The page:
According to the behavioral plan, which the INDY obtained, Smith was also instructed to "never socialize or interact with students in a way that you would socialize or interact with adults," and "never discuss things with them that are personal in nature ... or be alone with any student on school property or on school trips." The penalty for violating the behavior plan would not be termination, however, but a "first warning as outlined by the Employee Handbook."
This, the lawsuit says, constitutes "willfully [turning] a blind eye to the extensive sexual abuse of Jane Doe I" and gave Smith license to repeat that pattern of abuse with her younger sister, Jane Doe II, whom he allegedly began abusing during the 2015–16 school year, when she was in eighth grade. (According to the lawsuit, "None of the sexual abuse committed ... upon Jane Doe II was in anyway [sic] consensual." All of the abuse took place on the school campus, the lawsuit says, except for one incident in which Smith allegedly grabbed Jane Doe II's breasts at a Harris Teeter on a school outing.)
While this abuse was taking place, according to the complaint, the girl's parents discovered that Smith had attempted to friend her on Snapchat. Jane Doe II declined. The parents allegedly reported this to Errichetti, who told them "she did not believe their allegations."
After that, Jane Doe II left the school. Smith, the lawsuit notes, "remained in a classroom teaching minor female students."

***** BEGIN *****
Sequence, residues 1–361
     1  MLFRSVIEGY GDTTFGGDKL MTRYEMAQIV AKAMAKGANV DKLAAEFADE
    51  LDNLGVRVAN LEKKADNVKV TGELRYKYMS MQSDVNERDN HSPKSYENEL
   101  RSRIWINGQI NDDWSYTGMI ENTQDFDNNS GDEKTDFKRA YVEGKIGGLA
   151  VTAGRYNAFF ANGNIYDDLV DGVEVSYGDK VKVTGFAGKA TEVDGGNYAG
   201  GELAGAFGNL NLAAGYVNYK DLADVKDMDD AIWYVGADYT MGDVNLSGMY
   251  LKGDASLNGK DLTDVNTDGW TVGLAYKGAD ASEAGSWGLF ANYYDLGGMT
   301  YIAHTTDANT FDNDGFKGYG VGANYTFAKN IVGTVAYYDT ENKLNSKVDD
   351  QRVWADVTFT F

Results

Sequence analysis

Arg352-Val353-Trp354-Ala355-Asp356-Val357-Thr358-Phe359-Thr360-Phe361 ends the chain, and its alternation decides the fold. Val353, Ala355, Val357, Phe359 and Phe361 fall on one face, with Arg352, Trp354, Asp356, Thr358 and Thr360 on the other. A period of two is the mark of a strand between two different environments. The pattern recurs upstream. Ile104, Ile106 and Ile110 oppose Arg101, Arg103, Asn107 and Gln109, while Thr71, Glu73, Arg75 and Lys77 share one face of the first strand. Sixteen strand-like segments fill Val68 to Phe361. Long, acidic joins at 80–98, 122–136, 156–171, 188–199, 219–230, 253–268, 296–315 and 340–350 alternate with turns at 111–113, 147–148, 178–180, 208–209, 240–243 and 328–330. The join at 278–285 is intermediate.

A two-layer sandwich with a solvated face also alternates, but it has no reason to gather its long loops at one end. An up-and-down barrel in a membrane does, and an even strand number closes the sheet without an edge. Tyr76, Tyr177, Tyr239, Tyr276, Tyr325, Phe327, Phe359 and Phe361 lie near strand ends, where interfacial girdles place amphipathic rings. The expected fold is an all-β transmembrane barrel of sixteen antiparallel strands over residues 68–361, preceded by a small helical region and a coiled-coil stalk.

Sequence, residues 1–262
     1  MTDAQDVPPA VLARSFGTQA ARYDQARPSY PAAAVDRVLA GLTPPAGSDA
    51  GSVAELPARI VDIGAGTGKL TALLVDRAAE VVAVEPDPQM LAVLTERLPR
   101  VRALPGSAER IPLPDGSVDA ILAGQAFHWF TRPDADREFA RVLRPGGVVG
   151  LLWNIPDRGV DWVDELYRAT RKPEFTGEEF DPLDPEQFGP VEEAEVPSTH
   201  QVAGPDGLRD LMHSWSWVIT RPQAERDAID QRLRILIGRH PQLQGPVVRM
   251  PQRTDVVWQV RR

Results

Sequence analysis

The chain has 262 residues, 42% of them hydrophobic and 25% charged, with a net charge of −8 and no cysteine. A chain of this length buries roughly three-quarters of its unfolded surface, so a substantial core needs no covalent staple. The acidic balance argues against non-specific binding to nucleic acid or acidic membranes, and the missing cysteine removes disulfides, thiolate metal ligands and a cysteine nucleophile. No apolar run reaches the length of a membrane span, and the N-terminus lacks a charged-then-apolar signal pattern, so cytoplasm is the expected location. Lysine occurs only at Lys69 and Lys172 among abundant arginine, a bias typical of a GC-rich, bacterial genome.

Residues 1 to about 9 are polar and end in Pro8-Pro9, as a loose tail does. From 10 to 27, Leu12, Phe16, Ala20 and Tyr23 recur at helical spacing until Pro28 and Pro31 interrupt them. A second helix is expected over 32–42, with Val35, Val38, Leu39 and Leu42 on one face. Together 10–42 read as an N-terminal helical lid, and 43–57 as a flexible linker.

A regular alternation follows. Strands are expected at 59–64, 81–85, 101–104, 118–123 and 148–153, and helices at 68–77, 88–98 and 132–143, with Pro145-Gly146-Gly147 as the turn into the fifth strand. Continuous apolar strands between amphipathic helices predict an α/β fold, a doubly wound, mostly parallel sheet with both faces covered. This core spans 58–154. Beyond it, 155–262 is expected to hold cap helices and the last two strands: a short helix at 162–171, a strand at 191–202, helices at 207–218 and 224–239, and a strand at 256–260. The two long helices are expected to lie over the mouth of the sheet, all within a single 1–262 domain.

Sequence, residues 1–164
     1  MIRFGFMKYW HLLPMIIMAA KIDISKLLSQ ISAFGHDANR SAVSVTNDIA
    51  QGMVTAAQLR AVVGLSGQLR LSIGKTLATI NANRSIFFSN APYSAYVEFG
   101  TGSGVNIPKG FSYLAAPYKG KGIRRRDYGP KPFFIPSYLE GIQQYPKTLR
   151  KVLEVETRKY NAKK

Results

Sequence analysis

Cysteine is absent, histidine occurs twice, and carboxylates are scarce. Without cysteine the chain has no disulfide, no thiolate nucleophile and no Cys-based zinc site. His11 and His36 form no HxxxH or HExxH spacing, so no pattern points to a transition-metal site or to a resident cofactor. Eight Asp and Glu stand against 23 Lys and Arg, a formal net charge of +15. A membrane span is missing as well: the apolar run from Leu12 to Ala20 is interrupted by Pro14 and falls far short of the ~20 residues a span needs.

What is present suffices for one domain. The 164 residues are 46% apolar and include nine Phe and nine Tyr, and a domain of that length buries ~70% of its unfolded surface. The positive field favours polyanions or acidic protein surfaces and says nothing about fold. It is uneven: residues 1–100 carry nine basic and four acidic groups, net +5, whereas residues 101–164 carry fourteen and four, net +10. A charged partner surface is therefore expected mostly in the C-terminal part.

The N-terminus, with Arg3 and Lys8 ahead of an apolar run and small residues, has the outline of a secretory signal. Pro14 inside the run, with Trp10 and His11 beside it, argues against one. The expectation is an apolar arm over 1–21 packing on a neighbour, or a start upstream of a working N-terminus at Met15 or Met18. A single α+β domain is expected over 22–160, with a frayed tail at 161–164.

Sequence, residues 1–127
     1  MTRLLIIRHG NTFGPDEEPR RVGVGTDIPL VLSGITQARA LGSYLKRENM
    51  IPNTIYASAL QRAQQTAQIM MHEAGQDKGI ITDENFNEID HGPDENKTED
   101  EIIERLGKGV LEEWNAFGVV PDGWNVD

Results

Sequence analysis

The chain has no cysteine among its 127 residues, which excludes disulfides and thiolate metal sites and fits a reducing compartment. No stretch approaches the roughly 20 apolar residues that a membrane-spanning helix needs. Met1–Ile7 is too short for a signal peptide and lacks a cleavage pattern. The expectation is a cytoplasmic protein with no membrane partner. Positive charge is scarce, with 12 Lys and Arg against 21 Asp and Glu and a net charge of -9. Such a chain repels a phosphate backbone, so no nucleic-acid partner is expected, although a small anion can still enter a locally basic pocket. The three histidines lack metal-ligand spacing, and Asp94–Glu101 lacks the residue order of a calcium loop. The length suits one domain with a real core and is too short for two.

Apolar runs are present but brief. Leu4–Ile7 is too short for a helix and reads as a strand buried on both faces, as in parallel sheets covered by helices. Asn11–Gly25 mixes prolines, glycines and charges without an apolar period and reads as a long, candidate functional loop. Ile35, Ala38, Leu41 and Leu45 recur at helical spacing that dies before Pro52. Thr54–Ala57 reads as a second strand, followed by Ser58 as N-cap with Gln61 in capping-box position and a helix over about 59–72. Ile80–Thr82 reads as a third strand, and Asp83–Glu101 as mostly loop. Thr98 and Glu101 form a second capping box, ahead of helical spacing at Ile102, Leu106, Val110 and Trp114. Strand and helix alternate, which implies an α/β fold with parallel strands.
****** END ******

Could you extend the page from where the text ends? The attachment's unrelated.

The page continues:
The INDY has also obtained a second corrective action plan—not mentioned in the lawsuit—that Smith signed on June 2, 2016. It is nearly identical to the one he signed in 2012 and includes the admonitions not to enter girls' hotel rooms on school trips or be alone with students. This time, however, the school warns that failure to abide by the plan could result in termination.
Asked whether this second corrective plan was prompted by Jane Doe II's allegations or a separate incident, Lee, the school's board chairman, told the INDY in a statement: "Given the ongoing litigation, it is not appropriate for us to discuss specific issues related to this case. But I can tell you with absolute certainty that the school did not have knowledge of any sexual assault or criminal behavior by Nick Smith before his arrest. We would have promptly reported any such behavior to law enforcement."
In the lawsuit, the Doe girls' parents alleged that the school defrauded them of the more than $300,000 they paid in tuition (according to the school's website, tuition for upper elementary, middle, and high school students runs about $19,000 per year, with lower elementary school students charged a little over $17,000 per year); they are also seeking damages related to the physical and psychological injuries their daughters suffered, as well as punitive damages.
In a statement, Lee says, "The board fully supports our school's leadership and will vigorously defend our school's actions. This does not diminish our care or compassion for those impacted in any way. The safety of our students is our top priority."
The Montessori School responded aggressively to the lawsuit. Among other things, it offered affirmative defenses that claimed that the statute of limitations may have expired, that the school shouldn't be held responsible for Smith's actions, and that, if the Doe girls' parents knew or should have known about the abuse, "then and in that event, these Defendants plead those Plaintiffs' own negligence." The school also calls the plaintiffs' requests for punitive damages and attorneys' fees "frivolous and malicious."
In addition, the school argues, "Errichetti acted reasonably at all times in her capacity as Head of School. [Errichetti] did not have any knowledge of any sexual assault by Smith at any time before his arrest."
According to the school's 2016 tax filings, it had more than $5.4 million in net assets. Errichetti drew a salary of $157,864 that year.